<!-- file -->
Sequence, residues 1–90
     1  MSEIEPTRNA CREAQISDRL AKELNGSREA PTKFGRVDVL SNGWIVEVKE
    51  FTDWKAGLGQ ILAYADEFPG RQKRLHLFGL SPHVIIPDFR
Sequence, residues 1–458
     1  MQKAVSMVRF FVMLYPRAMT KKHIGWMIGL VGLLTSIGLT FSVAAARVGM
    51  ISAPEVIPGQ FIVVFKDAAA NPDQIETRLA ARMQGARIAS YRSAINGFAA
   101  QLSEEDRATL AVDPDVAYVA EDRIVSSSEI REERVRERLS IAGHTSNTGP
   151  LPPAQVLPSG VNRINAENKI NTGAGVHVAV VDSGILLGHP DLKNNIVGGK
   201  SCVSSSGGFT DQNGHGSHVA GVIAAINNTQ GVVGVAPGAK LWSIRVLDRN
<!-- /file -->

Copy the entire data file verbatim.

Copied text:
Sequence, residues 1–90
     1  MSEIEPTRNA CREAQISDRL AKELNGSREA PTKFGRVDVL SNGWIVEVKE
    51  FTDWKAGLGQ ILAYADEFPG RQKRLHLFGL SPHVIIPDFR
Sequence, residues 1–458
     1  MQKAVSMVRF FVMLYPRAMT KKHIGWMIGL VGLLTSIGLT FSVAAARVGM
    51  ISAPEVIPGQ FIVVFKDAAA NPDQIETRLA ARMQGARIAS YRSAINGFAA
   101  QLSEEDRATL AVDPDVAYVA EDRIVSSSEI REERVRERLS IAGHTSNTGP
   151  LPPAQVLPSG VNRINAENKI NTGAGVHVAV VDSGILLGHP DLKNNIVGGK
   201  SCVSSSGGFT DQNGHGSHVA GVIAAINNTQ GVVGVAPGAK LWSIRVLDRN